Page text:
Walnut Commons in Muncie IN serves veterans of disability, need

New affordable housing in DWNTWN

By Rick Yencer

MUNCIE, INDIANA (NEWS) - Jose Gaiten liked the new neighbor that will provide housing and help to veterans with disability, age or those without a home.

Walnut Commons will be that place across from American Legion Post 19 at Walnut and Wysor, where the old Muncie Armory stood more than 30 years ago. Also home to Goff's Drive In and local chamber and United Way offices, the site across from the Muncie Fieldhouse will have 44 apartments by 2015 dedicated to serving veterans.

A partnership among local government, a Chicago developer and a health care system dedicated to serving those with physical and mental disability is undertaken the $8.3 million project called supportive living for veterans.

Gaiten, commander of the legion post, said some veterans have no place to go and little help, given the recent scandal that veterans had to wait months for appointments from Veteran Administration medical clinics and hospital.

Mayor Dennis Tyler, who helped break ground on the site, recalled his own brother who came back from Vietnam survived he war but not the welcome home.

Tyler's brother, like other veterans gets help from Meridian Health Services that is partnering with Daveri Development of Chicago that will build and manage Walnut Commons. 

Meridian will provide support services for veterans who live at the commons which also will have community and computer rooms besides health services on site.

Gerry Cyranowski, vice president of clinical services for Meridian, said it took more than two years secure financing and management for the project that had been a passion of former director Suzanne Gresham.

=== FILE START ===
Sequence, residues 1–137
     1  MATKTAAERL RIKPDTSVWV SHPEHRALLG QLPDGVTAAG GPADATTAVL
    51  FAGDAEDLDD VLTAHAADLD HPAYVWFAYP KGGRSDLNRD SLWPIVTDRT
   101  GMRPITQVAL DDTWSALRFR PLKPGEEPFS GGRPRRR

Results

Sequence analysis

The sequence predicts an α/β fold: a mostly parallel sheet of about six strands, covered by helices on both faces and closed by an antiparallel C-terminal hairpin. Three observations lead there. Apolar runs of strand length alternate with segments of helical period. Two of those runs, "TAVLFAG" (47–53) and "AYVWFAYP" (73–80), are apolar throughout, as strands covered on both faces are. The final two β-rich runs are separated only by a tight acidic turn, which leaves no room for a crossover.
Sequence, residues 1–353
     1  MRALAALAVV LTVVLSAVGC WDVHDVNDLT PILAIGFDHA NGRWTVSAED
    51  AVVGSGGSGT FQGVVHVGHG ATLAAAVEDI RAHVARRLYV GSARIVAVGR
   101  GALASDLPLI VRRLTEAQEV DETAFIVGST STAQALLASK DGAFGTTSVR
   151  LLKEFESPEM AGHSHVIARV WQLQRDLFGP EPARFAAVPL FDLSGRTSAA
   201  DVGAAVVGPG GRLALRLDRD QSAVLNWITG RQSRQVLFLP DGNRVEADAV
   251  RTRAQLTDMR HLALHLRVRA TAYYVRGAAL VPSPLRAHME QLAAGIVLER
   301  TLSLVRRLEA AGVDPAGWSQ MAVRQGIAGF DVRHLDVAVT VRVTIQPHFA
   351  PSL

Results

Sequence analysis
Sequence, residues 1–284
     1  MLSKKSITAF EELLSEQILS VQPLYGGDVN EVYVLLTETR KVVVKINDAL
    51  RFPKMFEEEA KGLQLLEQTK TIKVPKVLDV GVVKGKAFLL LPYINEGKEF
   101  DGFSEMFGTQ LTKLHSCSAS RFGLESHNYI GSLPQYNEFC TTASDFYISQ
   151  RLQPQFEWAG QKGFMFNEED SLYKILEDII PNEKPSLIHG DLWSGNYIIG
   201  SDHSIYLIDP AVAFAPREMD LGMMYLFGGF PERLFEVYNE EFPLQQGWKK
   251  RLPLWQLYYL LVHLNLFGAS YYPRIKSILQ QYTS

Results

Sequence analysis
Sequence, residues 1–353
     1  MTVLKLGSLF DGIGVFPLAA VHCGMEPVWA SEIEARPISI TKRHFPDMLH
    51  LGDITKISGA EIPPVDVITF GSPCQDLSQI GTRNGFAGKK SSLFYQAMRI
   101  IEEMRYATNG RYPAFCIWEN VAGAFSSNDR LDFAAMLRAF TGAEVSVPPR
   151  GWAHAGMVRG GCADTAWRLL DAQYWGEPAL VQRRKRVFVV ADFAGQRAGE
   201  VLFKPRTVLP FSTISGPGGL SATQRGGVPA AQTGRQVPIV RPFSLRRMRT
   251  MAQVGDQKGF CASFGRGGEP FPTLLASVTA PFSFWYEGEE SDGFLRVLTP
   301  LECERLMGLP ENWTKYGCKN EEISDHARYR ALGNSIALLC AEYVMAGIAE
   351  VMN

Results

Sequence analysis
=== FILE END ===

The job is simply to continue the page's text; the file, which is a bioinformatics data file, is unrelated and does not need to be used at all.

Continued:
Tyler also promoted the project and continue to work through hurdles like an initial site in south Muncie that was opposed by neighbors and then getting federal tax credits with the development group to ensure construction.

The state also found a critical need for housing to serve homeless veterans and others. While local shelters serve that need, there are still hundreds of people living in abandoned houses or old eastside hotels that have become havens for alcoholics, drug addicts and criminals.

Johanna Casanova, development director and engineer for Daveri, said the company was able to secure tax credits and move forward immediately, given their investment and reputation with government providing affordable housing in Chicago.

Daveri is part of Up Development that Chicago real estate tycoon Cullen Davis started to rehab old,Chicago Housing Authority properties. He also has built new in the Windy City with over 1,000 multi-family units and more than 4,000 more units managed by his property firms.

Casanova said Muncie had great partners with local government and health services that ensured a successful venture.

The developer has hired Construction Planning and Management of Indianapolis, to be general contractor who will hired local skilled labor and subcontractors to build the apartments.

Craig McCafferty, CPM vice president, anticipated work would be finished in spring of 2015 as a crew turned over some dirt Thursday for the groundbreaking.

As Gaiten said, the apartment building would be a welcome addition to the DWNTWN since some buildings and the old drive in had been abandoned for years.

The city also planning on a massive effort to tear down abandoned buildings and homes with more federal money, getting help from neighborhood groups and non-profit organizations.

 

 

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